*--While Federal Rule of Bankruptcy Procedure 9037 imposes privacy restrictions with respect to bankruptcy court filings, including proofs of claim, courts are split over whether it creates a private right of action. Cases allowing a claim for sanctions, include Matthys v. Green Tree Servicing, LLC (In re Matthys), 2010 Bankr. LEXIS S.D. Ind. 2010); French v. American General Financial Services (In re French), 401 B.R. 295 (Bankr. E.D. Tenn. 2009), while cases rejecting such a right include Carter v. Flagler Hospital, Inc., 411 B.R. 730 (Bankr. S.D. Fl. 2009); Lentz v. Bureau of Medical Economics (In re Lentz), 405 B.R. 893 (Bankr. N.D. Ohio 2009); Cordier v. Plains Commerce Bank (In re Cordier), 2009 Bankr. LEXIS 2009).

**--Judge Kelley’s current claim to fame is that she is the judge presiding over the case of the Archdiocese of Milwaukee. As a woman and a practicing Catholic, she is in the unusual position of exercising at least some temporal authority over the male hierarchy of her own church.

Monday, March 05, 2012

Fifth Circuit Rules That Stern v. Marshall Does Not Invalidate Action By Magistrates

In a ruling that could shed some light (but not very much) on the authority of bankruptcy judges, the Fifth Circuit has ruled that a magistrate's ruling in an insurance coverage dispute did not run afoul of the Supreme Court ruling in Stern v. Marshall, ___ U.S. ___, 131 S.Ct. 2594 (2011). Technical Automation Services Corp. v. Liberty Surplus Insurance Corporation, No. 10-20640 (5th Cir. 3/5/12), which you can find here.

The Issue

Technical Automation Services Corp. involved whether an insurance company had a duty to defend an insured in an underlying lawsuit. The parties consented to trial before a U.S. Magistrate. The magistrate granted summary judgment in favor of the insured. On appeal, the Fifth Circuit requested briefing on the application of Stern v. Marshall to a magistrate. See "Fifth Circuit to Consider Impact of Stern v. Marshall on U.S. Magistrates" here.

In response to the question "whether Article III of the Constitution permits a federal magistrate judge, with the consent of the parties, to enter final judgment on a party's state law counterclaim," (opinion, p. 7), the Court answered "yes."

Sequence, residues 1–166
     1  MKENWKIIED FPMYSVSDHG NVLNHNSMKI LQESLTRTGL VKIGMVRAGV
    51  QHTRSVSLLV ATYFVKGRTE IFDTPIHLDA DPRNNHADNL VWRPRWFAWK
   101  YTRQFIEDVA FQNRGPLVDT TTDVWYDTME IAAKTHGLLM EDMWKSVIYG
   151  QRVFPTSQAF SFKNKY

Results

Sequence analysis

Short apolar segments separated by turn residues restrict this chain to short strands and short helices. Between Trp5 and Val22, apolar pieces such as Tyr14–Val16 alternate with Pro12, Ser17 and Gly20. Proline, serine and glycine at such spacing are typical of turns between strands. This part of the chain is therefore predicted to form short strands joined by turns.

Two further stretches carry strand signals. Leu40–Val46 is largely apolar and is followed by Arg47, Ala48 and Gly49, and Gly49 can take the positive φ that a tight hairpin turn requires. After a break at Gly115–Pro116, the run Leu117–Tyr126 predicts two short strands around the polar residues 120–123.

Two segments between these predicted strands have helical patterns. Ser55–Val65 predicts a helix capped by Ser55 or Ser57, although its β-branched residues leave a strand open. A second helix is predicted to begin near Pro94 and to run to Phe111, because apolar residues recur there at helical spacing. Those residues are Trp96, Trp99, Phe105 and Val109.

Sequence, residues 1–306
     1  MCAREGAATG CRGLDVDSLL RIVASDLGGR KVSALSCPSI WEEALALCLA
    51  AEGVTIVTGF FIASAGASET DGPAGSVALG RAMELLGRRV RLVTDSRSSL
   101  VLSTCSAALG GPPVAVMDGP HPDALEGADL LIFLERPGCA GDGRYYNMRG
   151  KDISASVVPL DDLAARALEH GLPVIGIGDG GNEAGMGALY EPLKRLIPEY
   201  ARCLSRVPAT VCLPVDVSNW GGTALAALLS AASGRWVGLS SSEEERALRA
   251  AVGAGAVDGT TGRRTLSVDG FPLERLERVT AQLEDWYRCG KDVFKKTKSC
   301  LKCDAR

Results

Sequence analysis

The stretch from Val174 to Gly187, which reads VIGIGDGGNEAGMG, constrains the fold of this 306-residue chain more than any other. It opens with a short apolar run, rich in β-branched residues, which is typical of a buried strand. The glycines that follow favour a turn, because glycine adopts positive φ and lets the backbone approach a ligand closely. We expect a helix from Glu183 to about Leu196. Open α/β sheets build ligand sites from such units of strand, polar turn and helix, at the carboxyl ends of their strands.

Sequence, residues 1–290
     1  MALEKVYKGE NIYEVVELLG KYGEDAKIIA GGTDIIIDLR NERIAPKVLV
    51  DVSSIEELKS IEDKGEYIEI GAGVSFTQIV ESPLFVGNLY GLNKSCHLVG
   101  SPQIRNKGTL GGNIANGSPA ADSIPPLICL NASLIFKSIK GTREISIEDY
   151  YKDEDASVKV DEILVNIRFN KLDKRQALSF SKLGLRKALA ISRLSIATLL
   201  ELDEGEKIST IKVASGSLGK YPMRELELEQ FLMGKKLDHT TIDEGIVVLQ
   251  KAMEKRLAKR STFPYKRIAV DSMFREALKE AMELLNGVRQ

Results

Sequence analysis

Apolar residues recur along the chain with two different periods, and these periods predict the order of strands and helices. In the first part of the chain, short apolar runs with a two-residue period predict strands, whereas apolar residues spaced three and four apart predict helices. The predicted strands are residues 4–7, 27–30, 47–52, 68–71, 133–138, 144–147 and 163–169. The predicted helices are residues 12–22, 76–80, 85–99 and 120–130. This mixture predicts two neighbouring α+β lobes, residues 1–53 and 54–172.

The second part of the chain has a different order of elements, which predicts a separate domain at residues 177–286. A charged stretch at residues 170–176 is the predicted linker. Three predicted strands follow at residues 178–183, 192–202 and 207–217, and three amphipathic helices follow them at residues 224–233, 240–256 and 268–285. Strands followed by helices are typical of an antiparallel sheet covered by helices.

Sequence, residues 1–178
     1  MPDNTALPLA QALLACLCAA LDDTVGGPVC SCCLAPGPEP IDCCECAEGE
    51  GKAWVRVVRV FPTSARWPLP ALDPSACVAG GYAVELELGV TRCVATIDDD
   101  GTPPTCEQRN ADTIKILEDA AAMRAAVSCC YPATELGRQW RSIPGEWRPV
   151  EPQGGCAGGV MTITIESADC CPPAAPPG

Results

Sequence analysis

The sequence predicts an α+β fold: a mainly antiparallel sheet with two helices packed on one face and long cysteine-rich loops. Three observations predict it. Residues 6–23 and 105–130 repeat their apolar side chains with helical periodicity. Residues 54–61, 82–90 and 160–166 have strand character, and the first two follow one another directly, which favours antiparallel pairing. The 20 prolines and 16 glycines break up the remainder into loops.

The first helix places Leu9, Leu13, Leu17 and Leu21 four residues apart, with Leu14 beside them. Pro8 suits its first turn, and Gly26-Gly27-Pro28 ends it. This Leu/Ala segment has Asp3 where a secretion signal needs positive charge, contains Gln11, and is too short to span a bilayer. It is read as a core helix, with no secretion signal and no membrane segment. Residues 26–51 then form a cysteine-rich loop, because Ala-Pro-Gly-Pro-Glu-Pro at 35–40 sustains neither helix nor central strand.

The Decision

By way of prelude, the Court noted that a prior panel of the Fifth Circuit had ruled in favor of the ability of a magistrate to proceed with consent. Puryear v. Ede's Ltd., 731 F.2d 1153, 1154 (5th Cir. 1984). Thus, the court was bound to follow the prior precedent "absent an intervening change in the law, such as by a statutory amendment, or the Supreme Court or by our en banc court." Opinion, p. 9. This framed the question of whether Stern v. Marshall overruled prior decisions about the power of magistrates.

While noting the many similarities between bankruptcy judges and magistrates, the Court chose to base its ruling on the Supreme Court's insistence that Stern was a narrow decision.

Accordingly, the Court reaffirmed that Congress may not withdraw “from judicial cognizance any matter which, from its nature, is the subject of a suit at the common law, or in equity, or admiralty.” (citation omitted). The Supreme Court emphasized that even the slightest “chipping” away of Article III can lead to “illegitimate and unconstitutional practices,” and accordingly held that the jurisdiction of the bankruptcy courts did not extend to most counterclaims based on common law. (citation omitted).

This holding can be translated to the many similarities of the statutory powers of federal magistrate judges. Whereas Article III judges “hold their offices during good behavior, without diminution of salary,” bankruptcy judges and federal magistrate judges are Article I judges who lack tenure and salary protection. (citation omitted). Moreover, the text of 18 U.S.C. § 157(b) (the statute addressed in Stern) and the text of the Magistrates Act, 28 U.S.C. § 636(c), allow Article I judges to enter final judgments, allow for judges’ final judgment to be binding without further action from an Article III judge, entitle the decisions to deference on appeal, and permit the courts to exercise “substantive jurisdiction reaching any area of the corpus juris.” (citation omitted).